"It’s almost like a parallel government structure has been created."

Who's Funding Kevin Johnson's Secret Government? — Deadspin's detailed report on a developing scandal involving Sacramento, California mayor and former NBA star Kevin Johnson's alleged misuse of the power of his office to benefit for-profit charter schools. [more inside]
posted by tonycpsu on Sep 19, 2015 - 53 comments

North America: timelapse in 4K

An 8:44 long timelapse in 4K resolution on Vimeo and YouTube. Includes Yosemite, Yellowstone, Olympic, Banff, Kings Canyon, Sequoia, Acadia, Rocky Mountains, Mesa Verde, Arches, Mount Rainier, Mount Revelstoke and Zion. Also Seattle, Los Angeles, Vancouver, St. Louis, San Francisco and Las Vegas. Plus Mount Rushmore, New Orleans, Toronto, Boston, Calgary, Springdale, Three Rivers, Pagosa Springs, Swift Current, New York, Niagara Falls, Lake Palourde, Keene Lake, Horseshoe Bend, White Mountains, Hobson and the Mississippi River. [more inside]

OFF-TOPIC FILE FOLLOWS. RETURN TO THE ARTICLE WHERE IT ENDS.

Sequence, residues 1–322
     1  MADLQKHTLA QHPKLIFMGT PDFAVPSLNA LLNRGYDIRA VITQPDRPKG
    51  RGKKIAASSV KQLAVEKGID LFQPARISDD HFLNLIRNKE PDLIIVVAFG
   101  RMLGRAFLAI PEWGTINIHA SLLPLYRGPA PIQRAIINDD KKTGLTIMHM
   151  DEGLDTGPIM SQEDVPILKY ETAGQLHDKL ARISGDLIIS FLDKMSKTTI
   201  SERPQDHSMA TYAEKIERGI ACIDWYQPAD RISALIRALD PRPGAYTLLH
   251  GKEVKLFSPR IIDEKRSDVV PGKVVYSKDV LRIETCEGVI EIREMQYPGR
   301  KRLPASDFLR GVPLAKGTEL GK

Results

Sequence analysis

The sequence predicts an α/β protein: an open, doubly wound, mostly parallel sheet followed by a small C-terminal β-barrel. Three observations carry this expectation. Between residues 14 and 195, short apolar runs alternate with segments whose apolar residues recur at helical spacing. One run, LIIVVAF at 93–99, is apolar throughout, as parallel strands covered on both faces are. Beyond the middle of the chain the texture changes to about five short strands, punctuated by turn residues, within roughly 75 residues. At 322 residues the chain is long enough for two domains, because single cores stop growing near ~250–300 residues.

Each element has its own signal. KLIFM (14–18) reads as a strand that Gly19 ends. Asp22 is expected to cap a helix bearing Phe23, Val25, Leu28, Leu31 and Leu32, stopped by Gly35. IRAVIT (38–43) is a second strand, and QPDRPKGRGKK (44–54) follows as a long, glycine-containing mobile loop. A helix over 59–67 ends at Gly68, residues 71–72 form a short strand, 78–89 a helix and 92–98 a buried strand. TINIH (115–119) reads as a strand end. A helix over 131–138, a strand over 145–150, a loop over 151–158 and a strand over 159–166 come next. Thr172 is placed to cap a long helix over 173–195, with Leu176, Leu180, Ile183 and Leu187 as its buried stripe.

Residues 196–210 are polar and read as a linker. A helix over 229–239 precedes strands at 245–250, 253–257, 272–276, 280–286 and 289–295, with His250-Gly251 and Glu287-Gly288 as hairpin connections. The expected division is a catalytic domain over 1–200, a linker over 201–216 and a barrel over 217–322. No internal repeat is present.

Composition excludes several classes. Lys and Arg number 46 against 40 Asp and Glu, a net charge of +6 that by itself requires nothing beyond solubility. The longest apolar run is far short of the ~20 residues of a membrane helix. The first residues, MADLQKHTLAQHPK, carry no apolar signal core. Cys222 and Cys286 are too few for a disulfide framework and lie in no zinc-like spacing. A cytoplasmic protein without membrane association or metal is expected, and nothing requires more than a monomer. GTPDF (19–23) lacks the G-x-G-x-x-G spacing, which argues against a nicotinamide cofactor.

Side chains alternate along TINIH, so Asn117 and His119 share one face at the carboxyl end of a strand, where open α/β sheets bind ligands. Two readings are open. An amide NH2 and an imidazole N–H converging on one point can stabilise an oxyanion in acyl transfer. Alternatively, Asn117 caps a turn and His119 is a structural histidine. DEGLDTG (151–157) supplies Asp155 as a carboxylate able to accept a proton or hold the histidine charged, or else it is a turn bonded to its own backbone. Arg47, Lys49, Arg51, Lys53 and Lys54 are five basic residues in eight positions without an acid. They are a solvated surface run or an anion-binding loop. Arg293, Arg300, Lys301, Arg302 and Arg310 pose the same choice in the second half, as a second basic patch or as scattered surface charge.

posted by Wordshore on Sep 19, 2015 - 17 comments

"...unfamiliarity does not equate to impracticality."

The Case for More Traffic Roundabouts — "Here’s why: Using simple principles of physics, roundabouts dramatically reduce crash rates, as well as injuries and deaths. They diminish vehicle emissions. They are a more effective use of road space, and cost less to maintain than traditional four-way intersections. And it’s time that America learns to love them."
posted by tonycpsu on Sep 18, 2015 - 141 comments

Jason Derulo coming to your house to thank you personally Magnus

According this latest numbers from IFPI, while the music-buying audience in the USA is still the biggest in the world, the most valuable music fans are actually the proud people of Norway. This may be due, in large part, to the fact that since 2009 piracy in Norway has plunged by 76%.